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Islamic charity, director charged with lying about terror links
Associated Press WriterCHICAGO (AP) -- An Islamic charity and its executive director were accused in a perjury indictment Tuesday of supporting terrorists, including a man who allegedly tried to acquire nuclear weapons for Osama bin Laden.
An affidavit filed with the complaint said that Benevolence International Foundation's executive director, Enaam M. Arnaout, has had a relationship with terrorist leader Osama bin Laden "and many of his key associates dating back more than a decade."
Among the allegations in the government's affidavit is that the foundation sponsored Mamdouh Salim, a bin Laden associate, for a trip to Bosnia. Salim, the affidavit says, had at one time attempted to get nuclear and chemical weapons for the al-Qaida terrorist organization.
"The complaint alleges Benevolence International Foundation was supporting violence secretly," U.S. Attorney Patrick Fitzgerald said.
The foundation, one of two Chicago-area Islamic charities that has had assets frozen by the government, has insisted that it has nothing to do with terrorism.
But the government says Arnaout had known bin Laden since the mid-1980s, according to documents and informers. A March 19 raid on a Benevolence International office in Bosnia turned up photos of bin Laden in Afghanistan as well photos of Arnaout holding several weapons. Those photos probably dated to the 1980s, the affidavit said.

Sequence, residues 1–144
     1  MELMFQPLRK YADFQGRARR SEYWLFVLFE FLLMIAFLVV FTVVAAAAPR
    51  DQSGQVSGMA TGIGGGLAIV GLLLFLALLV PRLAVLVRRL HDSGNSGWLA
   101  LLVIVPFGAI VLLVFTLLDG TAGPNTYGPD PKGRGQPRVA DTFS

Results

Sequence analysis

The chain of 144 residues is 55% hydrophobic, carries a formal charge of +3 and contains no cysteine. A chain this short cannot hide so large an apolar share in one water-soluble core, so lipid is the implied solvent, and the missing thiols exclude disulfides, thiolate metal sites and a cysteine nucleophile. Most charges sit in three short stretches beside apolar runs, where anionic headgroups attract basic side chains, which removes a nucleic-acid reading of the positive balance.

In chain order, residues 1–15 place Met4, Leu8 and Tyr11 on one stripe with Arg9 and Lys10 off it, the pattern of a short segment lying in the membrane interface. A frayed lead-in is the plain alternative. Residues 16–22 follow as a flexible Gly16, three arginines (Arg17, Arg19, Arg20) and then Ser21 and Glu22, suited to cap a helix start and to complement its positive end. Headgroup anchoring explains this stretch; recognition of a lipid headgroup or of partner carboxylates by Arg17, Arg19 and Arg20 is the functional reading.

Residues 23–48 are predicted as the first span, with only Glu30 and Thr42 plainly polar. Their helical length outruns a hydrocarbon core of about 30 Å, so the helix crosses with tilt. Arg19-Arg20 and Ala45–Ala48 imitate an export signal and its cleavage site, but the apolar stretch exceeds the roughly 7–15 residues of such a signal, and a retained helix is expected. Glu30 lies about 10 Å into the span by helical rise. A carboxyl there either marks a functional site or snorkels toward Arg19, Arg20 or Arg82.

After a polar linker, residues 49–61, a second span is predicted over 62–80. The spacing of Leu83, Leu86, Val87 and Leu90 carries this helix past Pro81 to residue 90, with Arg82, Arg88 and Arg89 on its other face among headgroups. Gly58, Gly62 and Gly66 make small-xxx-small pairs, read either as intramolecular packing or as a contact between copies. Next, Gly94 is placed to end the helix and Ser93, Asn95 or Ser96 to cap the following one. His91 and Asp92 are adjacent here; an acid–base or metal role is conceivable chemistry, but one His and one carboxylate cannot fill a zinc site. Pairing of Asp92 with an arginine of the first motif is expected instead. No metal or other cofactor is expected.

Informants also said that Arnaout at one time handled money for bin Laden, the government said. A cooperating witness said that the organization was used in the early 1990s by bin Laden to transfer money to bank accounts of relief organizations that also supplied funds to terrorists.
He once also, while living in Pakistan, let one of bin Laden's wives stay at his apartment, which the government says would not have happened had bin Laden not known and trusted him.
The group's headquarters in suburban Palos Hills was raided by federal agents on Dec. 14 and its assets were frozen. Federal officials said the charity was suspected of involvement with terrorist groups.
The organization then sued the government, saying it has nothing to do with terrorism and demanding the release of its assets.
Arnaout, 39, was arrested Tuesday morning at his home in south suburban Justice on charges that he and Benevolence made false statements over the last month in their lawsuit against the government.
The affidavit signed by FBI Agent Robert Walker said that the organization was founded by a wealthy Saudi sheik, Adil Abdul Galil Betargy, who is an associate of bin Laden, according to documents seized in Bosnia.